# differential equation

• Apr 21st 2008, 05:56 PM
akhayoon
differential equation
$\displaystyle y\prime+\frac{2}{t}y=\frac{arctant}{t^{2}}$

here they want the y(t) equation

so first what I tried doing was integrating t/2

so I got the factor was $\displaystyle e^{lnt^{2}}$ which equals to 2

so now I have to integrate

$\displaystyle \frac{d}{dt}2y=2\frac{arctant}{t^2}$

which in the end would turn out to be

$\displaystyle y(t)=\frac{tarctant-0.5ln(t^{2}+1)}{t^{2}}+C/2$

so I can't help but feel I did something wrong???
• Apr 21st 2008, 05:59 PM
Mathstud28
Quote:

Originally Posted by akhayoon
$\displaystyle y\prime+\frac{2}{t}y=\frac{arctant}{t^{2}}$

here they want the y(t) equation

so first what I tried doing was integrating t/2

so I got the factor was $\displaystyle e^{lnt^{2}}$ which equals to 2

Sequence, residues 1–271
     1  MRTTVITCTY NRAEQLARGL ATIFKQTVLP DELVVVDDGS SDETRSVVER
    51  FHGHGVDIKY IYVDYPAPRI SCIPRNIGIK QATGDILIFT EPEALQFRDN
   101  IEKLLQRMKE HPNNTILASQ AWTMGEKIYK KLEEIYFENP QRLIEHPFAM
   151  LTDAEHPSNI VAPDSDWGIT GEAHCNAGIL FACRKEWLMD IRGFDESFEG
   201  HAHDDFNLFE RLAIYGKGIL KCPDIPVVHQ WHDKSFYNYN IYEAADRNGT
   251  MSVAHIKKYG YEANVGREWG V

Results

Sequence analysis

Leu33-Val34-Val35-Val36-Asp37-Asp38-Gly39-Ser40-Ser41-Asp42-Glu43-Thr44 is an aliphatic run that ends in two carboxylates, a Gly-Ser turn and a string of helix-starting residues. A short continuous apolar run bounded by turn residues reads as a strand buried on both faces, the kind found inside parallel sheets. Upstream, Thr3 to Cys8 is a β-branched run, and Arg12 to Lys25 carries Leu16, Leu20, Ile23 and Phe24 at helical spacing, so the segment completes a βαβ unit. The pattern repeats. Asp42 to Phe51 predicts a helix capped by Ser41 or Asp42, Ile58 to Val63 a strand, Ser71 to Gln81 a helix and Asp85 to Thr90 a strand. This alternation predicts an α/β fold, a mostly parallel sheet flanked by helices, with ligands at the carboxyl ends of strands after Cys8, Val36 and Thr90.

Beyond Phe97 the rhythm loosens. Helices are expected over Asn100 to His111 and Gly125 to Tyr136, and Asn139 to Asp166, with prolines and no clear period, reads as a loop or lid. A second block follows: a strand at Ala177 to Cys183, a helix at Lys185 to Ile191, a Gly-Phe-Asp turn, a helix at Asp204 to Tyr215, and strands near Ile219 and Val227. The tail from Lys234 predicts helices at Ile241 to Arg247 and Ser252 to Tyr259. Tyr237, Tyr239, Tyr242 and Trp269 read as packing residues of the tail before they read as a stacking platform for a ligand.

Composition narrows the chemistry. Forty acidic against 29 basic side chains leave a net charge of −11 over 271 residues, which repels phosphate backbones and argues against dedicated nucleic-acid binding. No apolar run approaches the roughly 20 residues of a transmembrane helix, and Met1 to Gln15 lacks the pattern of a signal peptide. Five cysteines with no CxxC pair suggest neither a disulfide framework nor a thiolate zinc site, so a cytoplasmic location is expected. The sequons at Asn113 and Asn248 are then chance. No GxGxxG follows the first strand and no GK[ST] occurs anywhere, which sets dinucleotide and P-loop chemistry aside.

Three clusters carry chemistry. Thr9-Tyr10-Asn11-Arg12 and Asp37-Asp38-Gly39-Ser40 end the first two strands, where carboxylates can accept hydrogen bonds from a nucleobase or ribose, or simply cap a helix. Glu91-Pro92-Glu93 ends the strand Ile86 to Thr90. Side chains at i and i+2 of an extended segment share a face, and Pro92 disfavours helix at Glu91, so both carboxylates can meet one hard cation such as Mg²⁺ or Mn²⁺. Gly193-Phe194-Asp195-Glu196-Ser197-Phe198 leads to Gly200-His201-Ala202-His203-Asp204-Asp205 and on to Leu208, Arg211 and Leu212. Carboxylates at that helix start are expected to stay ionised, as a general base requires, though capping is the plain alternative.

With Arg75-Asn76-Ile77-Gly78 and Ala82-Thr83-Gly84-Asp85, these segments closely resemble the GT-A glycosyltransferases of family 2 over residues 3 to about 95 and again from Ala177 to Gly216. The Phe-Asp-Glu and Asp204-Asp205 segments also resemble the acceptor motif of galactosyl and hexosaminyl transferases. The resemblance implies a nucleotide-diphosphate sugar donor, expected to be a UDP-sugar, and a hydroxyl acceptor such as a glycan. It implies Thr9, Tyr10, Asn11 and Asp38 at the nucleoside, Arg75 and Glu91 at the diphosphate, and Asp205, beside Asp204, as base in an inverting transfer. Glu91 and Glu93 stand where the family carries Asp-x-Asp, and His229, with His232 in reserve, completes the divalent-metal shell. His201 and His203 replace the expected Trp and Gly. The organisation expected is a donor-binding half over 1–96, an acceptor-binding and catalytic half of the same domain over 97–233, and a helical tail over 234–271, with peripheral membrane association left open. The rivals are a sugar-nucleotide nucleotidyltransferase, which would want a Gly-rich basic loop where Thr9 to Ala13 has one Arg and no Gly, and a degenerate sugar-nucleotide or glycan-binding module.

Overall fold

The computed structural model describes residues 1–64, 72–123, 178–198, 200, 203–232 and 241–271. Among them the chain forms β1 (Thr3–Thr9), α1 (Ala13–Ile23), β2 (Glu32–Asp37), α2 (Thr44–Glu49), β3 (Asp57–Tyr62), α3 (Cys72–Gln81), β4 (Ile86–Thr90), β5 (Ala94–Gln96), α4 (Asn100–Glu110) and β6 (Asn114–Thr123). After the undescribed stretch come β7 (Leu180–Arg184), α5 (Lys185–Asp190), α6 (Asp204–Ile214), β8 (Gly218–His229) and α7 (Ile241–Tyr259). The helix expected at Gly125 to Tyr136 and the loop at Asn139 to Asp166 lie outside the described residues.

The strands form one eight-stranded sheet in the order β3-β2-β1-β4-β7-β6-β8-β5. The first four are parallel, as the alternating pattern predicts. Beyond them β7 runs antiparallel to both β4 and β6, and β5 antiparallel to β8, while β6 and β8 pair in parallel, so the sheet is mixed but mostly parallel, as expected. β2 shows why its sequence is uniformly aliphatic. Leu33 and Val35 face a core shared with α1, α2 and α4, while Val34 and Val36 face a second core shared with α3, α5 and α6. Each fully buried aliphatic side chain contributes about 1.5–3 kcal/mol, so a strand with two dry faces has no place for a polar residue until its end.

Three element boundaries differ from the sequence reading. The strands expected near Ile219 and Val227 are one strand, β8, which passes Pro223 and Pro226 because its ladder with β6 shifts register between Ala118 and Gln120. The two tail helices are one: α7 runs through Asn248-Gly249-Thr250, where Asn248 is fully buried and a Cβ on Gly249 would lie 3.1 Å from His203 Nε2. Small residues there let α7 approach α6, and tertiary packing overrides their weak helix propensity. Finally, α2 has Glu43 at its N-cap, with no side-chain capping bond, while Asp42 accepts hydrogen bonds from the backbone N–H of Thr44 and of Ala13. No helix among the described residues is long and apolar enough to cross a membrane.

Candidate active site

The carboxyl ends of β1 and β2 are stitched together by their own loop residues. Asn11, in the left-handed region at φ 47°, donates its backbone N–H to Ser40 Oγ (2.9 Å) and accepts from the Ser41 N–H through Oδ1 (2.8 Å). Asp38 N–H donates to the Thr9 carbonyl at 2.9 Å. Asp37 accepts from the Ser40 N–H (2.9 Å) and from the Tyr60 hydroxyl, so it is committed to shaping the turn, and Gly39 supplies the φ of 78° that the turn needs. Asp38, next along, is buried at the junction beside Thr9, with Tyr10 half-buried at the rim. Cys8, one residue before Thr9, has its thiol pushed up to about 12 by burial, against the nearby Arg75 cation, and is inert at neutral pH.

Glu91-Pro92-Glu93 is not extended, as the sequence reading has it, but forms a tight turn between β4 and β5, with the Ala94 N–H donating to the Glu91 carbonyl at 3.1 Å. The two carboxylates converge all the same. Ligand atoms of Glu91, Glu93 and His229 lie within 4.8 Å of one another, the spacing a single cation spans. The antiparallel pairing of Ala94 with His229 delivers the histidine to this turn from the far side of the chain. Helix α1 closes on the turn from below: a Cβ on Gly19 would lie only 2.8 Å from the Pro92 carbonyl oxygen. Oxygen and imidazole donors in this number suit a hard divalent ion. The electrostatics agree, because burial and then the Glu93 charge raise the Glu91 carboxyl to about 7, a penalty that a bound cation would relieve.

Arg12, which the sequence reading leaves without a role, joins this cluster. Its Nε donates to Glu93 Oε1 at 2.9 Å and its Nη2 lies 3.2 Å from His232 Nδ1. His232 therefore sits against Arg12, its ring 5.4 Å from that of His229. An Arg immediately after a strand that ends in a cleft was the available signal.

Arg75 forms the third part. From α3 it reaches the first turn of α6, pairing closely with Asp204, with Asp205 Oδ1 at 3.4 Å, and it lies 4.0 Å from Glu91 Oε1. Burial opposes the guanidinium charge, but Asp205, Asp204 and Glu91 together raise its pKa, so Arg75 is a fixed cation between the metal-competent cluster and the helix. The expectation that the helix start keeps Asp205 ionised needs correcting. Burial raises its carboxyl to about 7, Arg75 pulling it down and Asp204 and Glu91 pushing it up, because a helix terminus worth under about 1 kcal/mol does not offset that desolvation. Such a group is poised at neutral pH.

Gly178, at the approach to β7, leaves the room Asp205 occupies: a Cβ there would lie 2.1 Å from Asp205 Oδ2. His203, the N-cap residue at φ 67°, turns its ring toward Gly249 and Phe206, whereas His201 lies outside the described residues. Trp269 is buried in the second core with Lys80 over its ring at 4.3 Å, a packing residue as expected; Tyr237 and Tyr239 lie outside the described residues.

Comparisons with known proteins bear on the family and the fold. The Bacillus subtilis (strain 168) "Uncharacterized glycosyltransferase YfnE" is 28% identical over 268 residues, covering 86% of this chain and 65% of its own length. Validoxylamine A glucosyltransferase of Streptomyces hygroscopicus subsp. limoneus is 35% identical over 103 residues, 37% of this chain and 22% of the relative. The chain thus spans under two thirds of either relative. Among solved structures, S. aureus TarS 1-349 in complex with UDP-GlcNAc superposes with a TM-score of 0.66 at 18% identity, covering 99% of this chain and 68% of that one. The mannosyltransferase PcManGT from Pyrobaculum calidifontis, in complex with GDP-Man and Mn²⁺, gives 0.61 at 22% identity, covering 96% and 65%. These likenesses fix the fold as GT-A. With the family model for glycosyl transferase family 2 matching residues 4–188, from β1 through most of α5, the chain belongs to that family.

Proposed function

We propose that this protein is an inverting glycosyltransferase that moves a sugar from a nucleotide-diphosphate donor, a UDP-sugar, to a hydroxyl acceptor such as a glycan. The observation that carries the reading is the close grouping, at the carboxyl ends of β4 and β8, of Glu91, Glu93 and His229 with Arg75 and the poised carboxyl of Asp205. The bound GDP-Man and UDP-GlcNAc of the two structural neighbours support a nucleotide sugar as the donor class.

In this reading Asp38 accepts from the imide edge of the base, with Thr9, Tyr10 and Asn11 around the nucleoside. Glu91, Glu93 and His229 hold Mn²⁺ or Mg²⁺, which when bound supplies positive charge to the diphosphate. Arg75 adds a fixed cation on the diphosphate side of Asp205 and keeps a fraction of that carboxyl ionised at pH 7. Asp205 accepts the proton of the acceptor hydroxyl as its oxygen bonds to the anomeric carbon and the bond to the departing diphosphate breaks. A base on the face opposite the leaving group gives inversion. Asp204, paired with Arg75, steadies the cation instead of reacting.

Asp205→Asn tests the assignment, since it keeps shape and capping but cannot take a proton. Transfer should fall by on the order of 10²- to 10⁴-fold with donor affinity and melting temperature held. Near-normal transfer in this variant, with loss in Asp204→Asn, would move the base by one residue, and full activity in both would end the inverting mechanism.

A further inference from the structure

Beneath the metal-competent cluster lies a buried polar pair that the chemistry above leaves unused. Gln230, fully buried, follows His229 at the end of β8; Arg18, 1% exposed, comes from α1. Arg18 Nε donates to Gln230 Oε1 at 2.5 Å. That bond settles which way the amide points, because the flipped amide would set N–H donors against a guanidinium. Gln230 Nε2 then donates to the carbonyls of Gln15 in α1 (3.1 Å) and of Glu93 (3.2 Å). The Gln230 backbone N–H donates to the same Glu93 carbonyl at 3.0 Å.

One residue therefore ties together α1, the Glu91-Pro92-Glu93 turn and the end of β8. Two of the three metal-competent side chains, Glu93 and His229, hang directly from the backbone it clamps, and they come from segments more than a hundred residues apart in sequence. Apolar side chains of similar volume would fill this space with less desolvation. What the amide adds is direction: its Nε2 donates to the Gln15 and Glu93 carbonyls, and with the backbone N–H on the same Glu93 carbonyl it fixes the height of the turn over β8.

so now I have to integrate

$\displaystyle \frac{d}{dt}2y=2\frac{arctant}{t^2}+C/2$

which in the end would turn out to be

$\displaystyle y(t)=\frac{tarctant-0.5ln(t^{2}+1)}{t^{2}}$

so I can't help but feel I did something wrong???

are you sure it isnt $\displaystyle e^{\int\frac{2}{t}dt}$?
• Apr 21st 2008, 06:04 PM
akhayoon
yeah but wouldn't that be $\displaystyle e^{2lnt}$

which means that it would equal $\displaystyle e^{lnt^{2}} which equals 2$???
• Apr 21st 2008, 06:07 PM
Mathstud28
Quote:

Originally Posted by akhayoon
yeah but wouldn't that be $\displaystyle e^{2lnt}$

which means that it would equal $\displaystyle e^{lnt^{2}} which equals 2$???

$\displaystyle e^{2\ln(t)}=e^{\ln(t^2)}=t^2$...remember that since $\displaystyle e^{u(x)}$ and $\displaystyle \ln(u(x))$ are inverse operations $\displaystyle e^{\ln(u(x))}=u(x)$